Another boom in MEN getting plastic surgery

The rate of men getting plastic surgery has risen again, new figures reveal.

While last year’s increase was most common among millennials, the latest report from the American Society of Plastic Surgeons shows men of all ages are now going under the knife.

In 2017, more than 1.3 million American men had operations – mostly getting ‘breast’ reductions, liposuction and tummy tucks.

Experts say the increase is driven by a myriad of factors, chief among them the growing pressure from social media to look svelte at all times, the pressure in the workplace to look young, and the rising obesity rate. 

While many see plastic surgery as fueling insecurities about our bodies, one plastic surgeon insists the climbing figures are a positive sign that men are finally feeling more comfortable about discussing their insecurities – something seen as not-masculine.

Nip n tuck: In 2017, more than 1.3 million US men had operations – mostly getting ‘breast’ reductions, liposuction and tummy tucks. The rate of male Botox has soared 99% since 2000

‘More and more men are coming to my office to have an open discussion about their insecurities,’ Dr Lorelei Grunwaldt, a board-certified plastic surgeon in Pittsburgh, said.

‘When I explain the wide range of surgeries and procedures available to help them achieve their goals, I can see the look of relief on their faces.

‘For a lot of men, just having a procedure on an area of their body that they’re self-conscious about can really make a positive impact on how they see themselves.’

According to the new report, liposuction procedures are up 23 percent, tummy tucks are up 12 percent, and male breast reductions have increased about 30 percent in the last five years.

Non-invasive procedures are on the rise too: nearly 100,000 men had filler injections in 2017, up 99 percent since 2000, with Botox quadrupling in popularity.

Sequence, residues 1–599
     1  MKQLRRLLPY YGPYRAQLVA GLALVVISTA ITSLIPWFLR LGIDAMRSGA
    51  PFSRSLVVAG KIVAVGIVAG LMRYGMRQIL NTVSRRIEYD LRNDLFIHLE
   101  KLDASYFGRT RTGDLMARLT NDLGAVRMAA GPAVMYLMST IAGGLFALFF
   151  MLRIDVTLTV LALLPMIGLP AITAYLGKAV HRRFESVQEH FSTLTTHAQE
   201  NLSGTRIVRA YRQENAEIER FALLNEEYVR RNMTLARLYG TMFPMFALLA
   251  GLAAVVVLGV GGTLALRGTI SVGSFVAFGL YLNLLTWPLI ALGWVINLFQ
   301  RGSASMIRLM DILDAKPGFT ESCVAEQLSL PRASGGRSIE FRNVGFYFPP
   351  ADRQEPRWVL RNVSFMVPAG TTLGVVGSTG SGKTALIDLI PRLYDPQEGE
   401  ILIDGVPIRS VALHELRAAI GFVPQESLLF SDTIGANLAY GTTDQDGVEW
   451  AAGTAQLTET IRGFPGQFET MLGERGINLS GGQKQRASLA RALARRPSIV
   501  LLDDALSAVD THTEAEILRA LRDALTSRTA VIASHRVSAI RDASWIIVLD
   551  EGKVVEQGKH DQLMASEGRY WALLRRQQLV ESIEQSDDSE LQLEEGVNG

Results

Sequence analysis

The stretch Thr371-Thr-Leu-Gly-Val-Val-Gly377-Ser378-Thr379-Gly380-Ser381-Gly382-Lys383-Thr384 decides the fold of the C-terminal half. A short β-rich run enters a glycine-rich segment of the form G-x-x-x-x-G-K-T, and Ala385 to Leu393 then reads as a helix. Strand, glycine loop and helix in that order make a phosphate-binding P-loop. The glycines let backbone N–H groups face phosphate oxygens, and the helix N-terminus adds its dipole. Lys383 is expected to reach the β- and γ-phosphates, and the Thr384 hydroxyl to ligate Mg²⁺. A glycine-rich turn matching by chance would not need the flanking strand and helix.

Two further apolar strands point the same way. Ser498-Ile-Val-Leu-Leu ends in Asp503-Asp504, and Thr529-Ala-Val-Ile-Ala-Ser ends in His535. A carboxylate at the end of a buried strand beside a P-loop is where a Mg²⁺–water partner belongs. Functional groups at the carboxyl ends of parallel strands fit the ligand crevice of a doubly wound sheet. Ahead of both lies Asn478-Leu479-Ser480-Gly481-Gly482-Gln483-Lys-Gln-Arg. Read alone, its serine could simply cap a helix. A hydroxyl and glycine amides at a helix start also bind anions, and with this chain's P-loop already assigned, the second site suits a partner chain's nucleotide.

Dr Grunwaldt says she sees a lot of young men who are looking for body contouring procedures – many of whom have a genetic condition which is increasingly common among young American men, and causes them to grow ‘moobs’.

That was the case for her 19-year-old patient Landon Pringle, who put one significant weight after starting asthma medication and, after years of dieting and exercise, couldn’t shake it.

Dr Grunwaldt determined that he had gynecomastia, a swelling of male breast tissue caused by hormones, and she performed surgery to remove the excess fat. 

‘After the procedure, his confidence went through the roof and led to even better results,’ she said.

‘He felt more comfortable in his own skin and was motivated to get out and exercise and really take control of his weight loss.’

Landon said: ‘Every time I step on the scale, I see a smaller number.

‘In 2006, I was 299 pounds, and I had no idea what to do about it. Now I’m down to 204 pounds and I know that wouldn’t be possible without surgery to get the process started.’

While young men seem to focus on enhancing their bodies, the figures show older men are having more minimally-invasive procedures to take years off of their faces.

‘Some people call it the “executive edge” because a lot of patients report that they want to look younger to continue to compete in the workplace,’ said Dr Jeffrey Janis, President of the American Society of Plastic Surgeons. 

‘But I think, more often, men just want to look as young as they feel. That’s where a board-certified plastic surgeon can help.’

Dr Janis stressed the importance of choosing a board-certified surgeon to ensure the most rigorous safety and ethical standards, plus those are the surgeons who are most qualified and can offer a wide range of options to fit the needs of each patient.

He added: ‘Choosing a board-certified plastic surgeon is critical to your safety, your comfort and your happiness.

‘The extensive training that these doctors go through gives them the versatility to offer their patients more choices so that each person receives the right procedures to meet their goals.’